“I’m very excited to reach the finals. I was already so proud to make it to this tournament,” Konteveit said. “The last few months have really showed me that I can play really well and beat great players consistently and to have self-belief.

“When I came here, I had nothing to lose but then I started to win and felt like I can win.”

Sakkari now has a 3-14 record in semifinal matches, winning one of eight this season.

“It’s just very tough for me to talk about all this. Today, I have to say, was a missed opportunity,” Sakkari said. “Today I was just very close on taking that chance. I just wasted it. That’s why it hurts so much. It’s not that it was just bad luck, it’s that I threw away another chance. It hurts”.

The WTA Finals are being played in Guadalajara for this year only, with the event scheduled to return in 2022 to Shenzhen, China.

Nakashima takes first ATP Tour title at San Diego

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SAN DIEGO – Brandon Nakashima earned his first ATP Tour victory in his hometown, beating friend and fellow Southern Californian Marcos Giron 6-4, 6-4 in the San Diego Open final.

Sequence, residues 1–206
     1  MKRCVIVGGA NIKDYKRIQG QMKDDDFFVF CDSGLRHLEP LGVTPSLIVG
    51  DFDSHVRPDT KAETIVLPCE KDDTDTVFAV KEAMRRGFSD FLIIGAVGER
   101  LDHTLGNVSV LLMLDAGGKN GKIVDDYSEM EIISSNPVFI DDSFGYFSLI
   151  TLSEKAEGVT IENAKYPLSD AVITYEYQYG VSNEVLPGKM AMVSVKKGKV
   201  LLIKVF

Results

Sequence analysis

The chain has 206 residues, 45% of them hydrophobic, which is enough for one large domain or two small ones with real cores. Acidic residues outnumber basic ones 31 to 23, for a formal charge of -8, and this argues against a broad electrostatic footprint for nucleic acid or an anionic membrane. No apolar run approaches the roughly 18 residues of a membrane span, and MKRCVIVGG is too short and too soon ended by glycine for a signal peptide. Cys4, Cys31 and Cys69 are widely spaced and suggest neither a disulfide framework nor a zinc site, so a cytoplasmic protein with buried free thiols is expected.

“It’s super-special, something you dream of, but to have it happen in my hometown with all my friends and family here, it’s a moment I’ll never forget,” said Nakashima, who had two previous finals appearances. “I hope there are many more moments like this to come.”

Nakashima, a 21-year-old who grew up in San Diego and trained extensively at the event’s site as a junior, clinched the opening set in only 30 minutes. The second set, filled with lengthy rallies, took nearly an hour.

Giron, the No. 5 seed and former NCAA title winner from UCLA, wasn’t able to fend off Nakashima’s persistent ground strokes and well-placed serves. Nakashima had eight aces, six in the first set.

Serving at 5-4 in the second set, Nakashima tallied the match’s deciding two points when Giron pushed an easy volley into the net, followed by Nakashima’s second-serve ace.

He earned $93,090, about half of what received for reaching the third round of the U.S. Open in early September.

Nakashima, who was ranked No. 69 on the ATP Tour, moved up to 48, his highest ranking in nearly three years on tour. Despite the loss, Giron moved up to 53 from 58.

Not only was the singles title claimed by an American, the doubles title also taken by an American duo as the second-seeded pair of Nathaniel Lammons and Jackson Withrow defeated Australians Jason Kubler and Luke Saville 7-6 (5), 6-2.